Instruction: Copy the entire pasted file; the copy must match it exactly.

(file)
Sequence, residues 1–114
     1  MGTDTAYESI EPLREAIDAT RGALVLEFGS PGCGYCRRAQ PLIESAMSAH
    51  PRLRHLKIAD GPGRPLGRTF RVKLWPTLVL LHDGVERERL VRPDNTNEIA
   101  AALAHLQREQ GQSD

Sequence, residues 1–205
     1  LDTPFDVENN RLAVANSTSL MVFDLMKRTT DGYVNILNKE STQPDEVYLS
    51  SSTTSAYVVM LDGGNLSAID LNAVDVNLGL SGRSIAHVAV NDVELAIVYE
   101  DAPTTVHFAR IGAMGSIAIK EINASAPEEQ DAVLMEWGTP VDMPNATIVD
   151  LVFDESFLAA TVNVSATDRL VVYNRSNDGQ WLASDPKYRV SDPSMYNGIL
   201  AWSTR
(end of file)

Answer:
Sequence, residues 1–114
     1  MGTDTAYESI EPLREAIDAT RGALVLEFGS PGCGYCRRAQ PLIESAMSAH
    51  PRLRHLKIAD GPGRPLGRTF RVKLWPTLVL LHDGVERERL VRPDNTNEIA
   101  AALAHLQREQ GQSD

Sequence, residues 1–205
     1  LDTPFDVENN RLAVANSTSL MVFDLMKRTT DGYVNILNKE STQPDEVYLS
    51  SSTTSAYVVM LDGGNLSAID LNAVDVNLGL SGRSIAHVAV NDVELAIVYE
   101  DAPTTVHFAR IGAMGSIAIK EINASAPEEQ DAVLMEWGTP VDMPNATIVD
   151  LVFDESFLAA TVNVSATDRL VVYNRSNDGQ WLASDPKYRV SDPSMYNGIL
   201  AWSTR